Outdoor space isn’t the only reason why some people can’t grow tomatoes outside. “In Britain, many people choose to grow their tomatoes in greenhouses, polytunnels, or inside the house because it’s warmer and protects the plants from getting blight, a fungal disease,” explains Tanya Anderson, author of A Woman’s Garden and founder of Lovely Greens. This is also true for many people who live in colder climates with short summers.
Pollinators are a vital component of our ecosystems. Approximately 80 percent of crops used for human consumption require animals like bees, butterflies, and even bats to transport pollen from one plant to another in order to reproduce.
Describing the specific serenity of a garden can be as difficult as choosing a favorite flower, but Stacie Abdallah, creator of lifestyle site Stacie’s Spaces, is apt to try. “There is something beautiful about watching a plant grow from a small seed into a plant that bears fruit,” she says. “As a result of having a garden, I have been able to feed my family, educate my children, and share our harvest with my extended relatives and friends. The garden has also served as a place of refuge from the world. I go out there and unwind in a way that is super fulfilling and refreshing.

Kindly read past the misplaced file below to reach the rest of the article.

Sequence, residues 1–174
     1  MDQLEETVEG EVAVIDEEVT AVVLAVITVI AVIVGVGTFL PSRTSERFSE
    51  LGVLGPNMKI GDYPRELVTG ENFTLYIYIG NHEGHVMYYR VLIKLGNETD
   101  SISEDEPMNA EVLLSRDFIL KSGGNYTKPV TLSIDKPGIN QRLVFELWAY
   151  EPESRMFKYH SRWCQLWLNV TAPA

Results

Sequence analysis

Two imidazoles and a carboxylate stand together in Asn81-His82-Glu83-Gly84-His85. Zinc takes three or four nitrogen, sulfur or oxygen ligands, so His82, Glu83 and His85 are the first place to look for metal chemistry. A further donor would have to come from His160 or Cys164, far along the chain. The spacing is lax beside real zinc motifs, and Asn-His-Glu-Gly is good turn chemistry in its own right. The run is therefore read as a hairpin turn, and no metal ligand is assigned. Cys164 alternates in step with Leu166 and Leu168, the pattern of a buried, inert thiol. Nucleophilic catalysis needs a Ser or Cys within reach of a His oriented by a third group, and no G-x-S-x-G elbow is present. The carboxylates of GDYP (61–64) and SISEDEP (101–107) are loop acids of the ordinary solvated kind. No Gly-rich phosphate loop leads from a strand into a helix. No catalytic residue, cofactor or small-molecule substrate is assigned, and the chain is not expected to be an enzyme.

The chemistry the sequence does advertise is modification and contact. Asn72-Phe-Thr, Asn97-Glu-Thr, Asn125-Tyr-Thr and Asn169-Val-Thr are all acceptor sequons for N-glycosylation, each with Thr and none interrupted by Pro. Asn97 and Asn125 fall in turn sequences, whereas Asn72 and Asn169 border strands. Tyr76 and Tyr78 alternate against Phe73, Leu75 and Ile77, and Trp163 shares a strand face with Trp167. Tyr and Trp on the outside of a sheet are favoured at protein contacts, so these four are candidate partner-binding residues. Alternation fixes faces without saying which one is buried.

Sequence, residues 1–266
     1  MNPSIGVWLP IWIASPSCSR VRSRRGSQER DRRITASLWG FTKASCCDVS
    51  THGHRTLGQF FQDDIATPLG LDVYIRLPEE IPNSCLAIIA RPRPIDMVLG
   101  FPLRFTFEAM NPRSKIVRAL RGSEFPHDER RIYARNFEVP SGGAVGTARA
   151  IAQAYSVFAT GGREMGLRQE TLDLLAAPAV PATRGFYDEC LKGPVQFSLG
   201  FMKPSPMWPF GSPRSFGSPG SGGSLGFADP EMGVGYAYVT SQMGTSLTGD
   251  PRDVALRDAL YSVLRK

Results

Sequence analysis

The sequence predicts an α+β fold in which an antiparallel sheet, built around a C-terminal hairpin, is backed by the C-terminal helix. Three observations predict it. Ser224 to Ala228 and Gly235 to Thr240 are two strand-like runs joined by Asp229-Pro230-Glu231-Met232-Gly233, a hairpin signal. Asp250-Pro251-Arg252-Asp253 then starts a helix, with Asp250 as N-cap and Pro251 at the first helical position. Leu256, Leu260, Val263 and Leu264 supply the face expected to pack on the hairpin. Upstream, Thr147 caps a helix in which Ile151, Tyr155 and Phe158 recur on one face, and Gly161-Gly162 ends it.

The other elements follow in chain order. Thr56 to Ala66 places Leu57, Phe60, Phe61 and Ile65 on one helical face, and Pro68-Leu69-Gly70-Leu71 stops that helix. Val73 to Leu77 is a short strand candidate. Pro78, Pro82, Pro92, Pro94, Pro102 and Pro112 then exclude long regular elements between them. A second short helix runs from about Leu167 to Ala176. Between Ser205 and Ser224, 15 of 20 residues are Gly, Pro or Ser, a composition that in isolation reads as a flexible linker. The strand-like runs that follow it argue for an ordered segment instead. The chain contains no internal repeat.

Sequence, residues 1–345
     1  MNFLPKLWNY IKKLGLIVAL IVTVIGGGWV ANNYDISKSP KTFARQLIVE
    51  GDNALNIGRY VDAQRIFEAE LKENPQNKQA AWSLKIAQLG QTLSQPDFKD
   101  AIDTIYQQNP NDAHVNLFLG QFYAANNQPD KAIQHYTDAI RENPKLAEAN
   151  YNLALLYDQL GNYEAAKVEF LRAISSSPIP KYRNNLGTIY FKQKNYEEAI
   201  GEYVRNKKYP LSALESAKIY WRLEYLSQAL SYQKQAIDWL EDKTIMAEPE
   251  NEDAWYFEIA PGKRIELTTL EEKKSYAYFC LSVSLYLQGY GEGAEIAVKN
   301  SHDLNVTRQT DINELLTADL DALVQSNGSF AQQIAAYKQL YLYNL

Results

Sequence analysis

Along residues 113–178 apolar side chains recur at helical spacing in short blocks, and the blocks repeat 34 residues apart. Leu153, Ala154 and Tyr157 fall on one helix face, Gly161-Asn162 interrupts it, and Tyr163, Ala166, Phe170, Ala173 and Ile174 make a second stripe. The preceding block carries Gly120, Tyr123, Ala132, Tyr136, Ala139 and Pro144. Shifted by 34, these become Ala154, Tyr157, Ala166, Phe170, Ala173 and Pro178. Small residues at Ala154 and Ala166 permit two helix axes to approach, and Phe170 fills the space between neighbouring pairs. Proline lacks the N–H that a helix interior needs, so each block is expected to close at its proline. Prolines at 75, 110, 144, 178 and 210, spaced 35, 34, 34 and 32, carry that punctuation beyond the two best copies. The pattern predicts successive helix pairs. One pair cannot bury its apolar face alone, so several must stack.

Eggs provide a delicious and healthy breakfast for you, and their shells provide a good “meal” to your plants as well, mostly in the form of calcium. Eggshells are loaded with this crucial mineral, which helps plants establish strong cell walls. Rinse the eggshells thoroughly, let them dry, and then crush with a pestle or a similar grinder. Then work a handful of the ground shells into the soil around your plants, whether in the flower bed or a container.
Knowledge is power, in life and in gardening. Determine if the soil composition of your garden space, is sandy, clay, or silt – even degrading compost. Know what your soil makeup is using a mason jar “test” and then you can make adjustments as necessary.
Sundials are classic garden ornaments, but they’re more than just decorative items — they’re useful and educational, too. Building your own garden sundial is a fun family project for a summer weekend, and it’s a great way for kids to learn firsthand how the position of the sun changes from hour to hour and season to season.